By Daniel Reskin
By Hans Morgenstern
By George Martinez
By Pablo Chacon Alvarez
By Ciara LaVelle
By New Times Staff
By Rich Robinson
By Hannah Sentenac
There's a kind of contemporary painting that examines what it means to be making a contemporary painting. Highly recursive, it mines art history and the visual record for intense, sometimes injurious remixing. Its grandpappy is Gerhard Richter, whose 40 years' worth of paintings were on display at the Museum of Modern Art in New York last year: mostly interpretations of photographs, with sometimes subtle, sometimes heavy alterations. (Even Richter's abstractions seem to have gotten their start as mushed-around photographic images; this fooled some smart people into thinking that he worked in a wide variety of modes.) If Richter is this style's granddad, Laura Owens is the precocious big sister. Owens was the subject of a big show at the MoCA Los Angeles earlier this year, proving that she could recombine everything from Chinese painting to faux-naif illustration into enormous paintings -- ten and twelve feet on a side -- that had no impact. (Unfortunately for her, the show ran opposite a Lucian Freud career retrospective that would have pounded a stronger painter into jelly.)
Two more practitioners of this kind of painting, looking like Richter and Owens respectively, are Daniel Scheimberg and Craig Kucia, whose exhibits, "De-Focusing" and "What Fun Our Life Could Have Been," are on display at Kevin Bruk Gallery. Scheimberg makes soft-focus images derived from photographs. His angle is to take advantage of the fact that defocused light sources mix in the atmosphere in front of the viewer. Pointillism à la Seurat comes to mind, but this is a little different; he's interested in the way colors mix as light rather than pigment. (It's a different color wheel. The pigment primaries are red, blue, and yellow. The light primaries are red, blue, and green. There's a ton of stuff about this on the Internet if you're interested.)
It's a neat trick --- a picture such as Remuh (2000) has oranges going out of focus next to blues, forming a fuzzy strip of green between them that gives everything a surprising intensity. I wonder, then, why he bothers with three monochromal works that deprive him of the opportunity to use his color effects. One of these is a giant matzo rendered in sepias; defocused, it looks like burnt parchment from a 1940s photograph. Opposite is a wall of tombstones inscribed with Hebrew, in Vaseline-smeared black and white, and a Richter-esque image of empty theater seats. The out-of-focus look seems to be trying to evoke nostalgia, but the effect is unintentionally schmaltzy. Another color piece -- a beach scene in the front office -- is more engaging and more interesting visually. Angst doesn't work for every artist.
If Laura Owens could make better work out of her material -- heavy quotes of art history and illustration, weird spaces that only exist in the realm of painting, and what's-wrong-with-this-picture oddity -- the paintings would look like Craig Kucia's. The branches in these invented landscapes are disturbingly similar to those of Owens, but his handling is more lively and original overall. One of the more successful pieces in his show is Apple Blocks Curved Under the Wistful Carpets and Spoke to the Trees, which pictures crossed branches in front of a blue sky that rains caterpillars, blobs of brightly colored paint, and cigarette ashes (the last of which fall from a cigarette perched under something that could be a bird's nest or an obese sea urchin; it's hard to tell). The titles derive from the artist's effusive poetry and give a sense of the emo tional states that inform his work.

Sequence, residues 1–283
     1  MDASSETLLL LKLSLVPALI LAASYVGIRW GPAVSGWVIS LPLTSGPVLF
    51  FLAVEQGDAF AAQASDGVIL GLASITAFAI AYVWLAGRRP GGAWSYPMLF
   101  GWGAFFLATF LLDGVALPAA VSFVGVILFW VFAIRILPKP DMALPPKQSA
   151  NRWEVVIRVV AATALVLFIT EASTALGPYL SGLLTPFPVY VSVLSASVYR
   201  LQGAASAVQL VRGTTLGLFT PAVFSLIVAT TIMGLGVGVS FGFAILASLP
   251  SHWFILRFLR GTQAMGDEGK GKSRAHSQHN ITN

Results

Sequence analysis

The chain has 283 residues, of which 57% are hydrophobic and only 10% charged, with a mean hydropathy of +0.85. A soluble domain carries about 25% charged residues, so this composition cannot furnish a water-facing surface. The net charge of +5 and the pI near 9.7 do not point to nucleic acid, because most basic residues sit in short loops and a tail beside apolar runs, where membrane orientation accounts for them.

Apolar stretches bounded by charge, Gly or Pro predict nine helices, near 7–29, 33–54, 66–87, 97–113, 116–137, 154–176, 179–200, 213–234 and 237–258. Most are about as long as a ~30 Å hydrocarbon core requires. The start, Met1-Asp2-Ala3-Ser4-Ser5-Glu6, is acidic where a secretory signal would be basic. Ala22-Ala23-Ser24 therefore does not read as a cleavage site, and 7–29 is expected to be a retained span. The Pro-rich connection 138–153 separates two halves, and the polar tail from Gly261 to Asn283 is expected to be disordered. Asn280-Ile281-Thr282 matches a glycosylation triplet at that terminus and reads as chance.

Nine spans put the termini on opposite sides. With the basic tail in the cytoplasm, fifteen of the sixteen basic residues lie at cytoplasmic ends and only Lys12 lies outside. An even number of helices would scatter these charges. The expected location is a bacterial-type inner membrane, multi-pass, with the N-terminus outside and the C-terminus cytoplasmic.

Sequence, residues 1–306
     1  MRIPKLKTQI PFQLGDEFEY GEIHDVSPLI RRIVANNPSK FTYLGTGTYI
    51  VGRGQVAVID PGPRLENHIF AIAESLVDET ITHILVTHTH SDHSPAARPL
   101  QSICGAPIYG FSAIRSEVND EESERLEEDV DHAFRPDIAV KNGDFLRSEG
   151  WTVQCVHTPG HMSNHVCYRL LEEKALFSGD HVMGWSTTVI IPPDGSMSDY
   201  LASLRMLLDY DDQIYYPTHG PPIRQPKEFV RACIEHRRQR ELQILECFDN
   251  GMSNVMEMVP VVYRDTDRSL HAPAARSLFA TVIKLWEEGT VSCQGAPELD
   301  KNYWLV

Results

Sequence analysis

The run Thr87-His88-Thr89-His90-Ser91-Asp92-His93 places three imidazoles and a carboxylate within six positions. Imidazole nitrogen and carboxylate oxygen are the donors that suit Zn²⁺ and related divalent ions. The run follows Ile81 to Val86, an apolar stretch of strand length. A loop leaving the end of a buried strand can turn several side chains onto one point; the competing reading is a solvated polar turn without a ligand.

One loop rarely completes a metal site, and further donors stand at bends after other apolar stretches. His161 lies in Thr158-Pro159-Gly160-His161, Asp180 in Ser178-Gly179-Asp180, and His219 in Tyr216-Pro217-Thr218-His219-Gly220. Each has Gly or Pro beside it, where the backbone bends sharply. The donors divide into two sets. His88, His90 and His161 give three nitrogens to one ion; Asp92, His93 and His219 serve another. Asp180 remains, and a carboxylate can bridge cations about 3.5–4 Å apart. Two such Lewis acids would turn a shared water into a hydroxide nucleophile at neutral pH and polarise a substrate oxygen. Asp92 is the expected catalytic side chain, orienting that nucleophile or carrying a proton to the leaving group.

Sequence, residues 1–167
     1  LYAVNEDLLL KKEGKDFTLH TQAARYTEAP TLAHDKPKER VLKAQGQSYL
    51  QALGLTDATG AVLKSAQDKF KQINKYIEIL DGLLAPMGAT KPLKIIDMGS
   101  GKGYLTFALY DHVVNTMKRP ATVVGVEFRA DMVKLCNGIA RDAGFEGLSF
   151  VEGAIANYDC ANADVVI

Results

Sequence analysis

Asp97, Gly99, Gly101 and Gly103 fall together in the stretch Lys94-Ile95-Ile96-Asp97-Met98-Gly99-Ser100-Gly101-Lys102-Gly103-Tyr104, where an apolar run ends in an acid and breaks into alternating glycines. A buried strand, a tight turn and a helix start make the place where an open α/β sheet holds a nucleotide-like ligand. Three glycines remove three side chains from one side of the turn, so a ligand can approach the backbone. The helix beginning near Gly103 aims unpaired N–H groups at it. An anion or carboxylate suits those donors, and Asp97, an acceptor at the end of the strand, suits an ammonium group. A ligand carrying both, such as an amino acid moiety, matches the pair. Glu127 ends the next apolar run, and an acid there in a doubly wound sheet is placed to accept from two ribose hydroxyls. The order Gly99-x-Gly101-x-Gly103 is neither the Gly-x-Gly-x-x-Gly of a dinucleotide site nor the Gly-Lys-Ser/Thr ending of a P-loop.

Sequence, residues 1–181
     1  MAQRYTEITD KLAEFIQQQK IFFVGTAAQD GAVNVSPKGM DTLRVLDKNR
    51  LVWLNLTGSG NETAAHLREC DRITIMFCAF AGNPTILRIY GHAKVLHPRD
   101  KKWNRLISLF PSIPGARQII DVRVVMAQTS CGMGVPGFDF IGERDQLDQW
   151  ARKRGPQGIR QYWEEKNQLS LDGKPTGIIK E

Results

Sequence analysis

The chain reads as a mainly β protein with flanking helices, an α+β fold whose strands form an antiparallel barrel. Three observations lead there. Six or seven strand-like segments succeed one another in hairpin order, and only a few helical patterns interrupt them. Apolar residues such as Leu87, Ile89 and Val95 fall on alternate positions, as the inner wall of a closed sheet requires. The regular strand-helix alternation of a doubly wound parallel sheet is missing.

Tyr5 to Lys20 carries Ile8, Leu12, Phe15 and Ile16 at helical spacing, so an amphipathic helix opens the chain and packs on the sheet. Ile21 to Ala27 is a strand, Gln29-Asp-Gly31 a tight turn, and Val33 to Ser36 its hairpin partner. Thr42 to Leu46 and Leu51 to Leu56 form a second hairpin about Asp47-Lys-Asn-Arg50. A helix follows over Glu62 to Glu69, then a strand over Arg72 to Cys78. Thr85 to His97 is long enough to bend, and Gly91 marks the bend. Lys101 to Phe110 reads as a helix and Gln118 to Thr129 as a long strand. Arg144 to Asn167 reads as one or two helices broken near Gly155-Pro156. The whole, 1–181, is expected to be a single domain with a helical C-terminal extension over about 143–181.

Another successful one is If You Look Too Deeply Everything Breaks Your Heart, in which a mound on a tabletop is encrusted with dragonflies and other crawling unidentifiables, and the sky is peppered with flicked lumps of paint that resemble imaginary insects. Half of the mound has been obliterated with a dark impasto into which "I loved her" has been scratched with a palette knife. The painting is a messy amalgam of emotional energy translated through a vocabulary of art quotes, but the feeling seems sincere.
On October 15 Maria José Arjona completed "Vault" at Dorsch Gallery. This is the Miami iteration of a performance work that took place in Bogotá and Marfa, Texas, demanding Arjona's signature intensity and No-like understatement. She arranged a long line of hunks of charcoal, picked one up, walked slowly around to a bamboo ladder, climbed up, drew a field of short curves onto the wall until the charcoal was gone from her fingers, and repeated -- for hours at a time.
As she scratched the concrete, I got the impression that "Vault" was a giant human-powered kinetic sculpture, in which black marks moved at a cloudlike pace from the floor to the wall via an intelligent agent. At the end, the wall was covered with an abstraction that recalled a scorched meadow. A video of the Marfa performance played on an adjacent wall while she labored. I would put Arjona's work up against that of any performance artist anywhere; she has a thrilling ability to convey the eternal through her choice of materials, her seismic movements, and her burning focus. Rumor has it that she will be performing again soon; if it comes to pass, see her.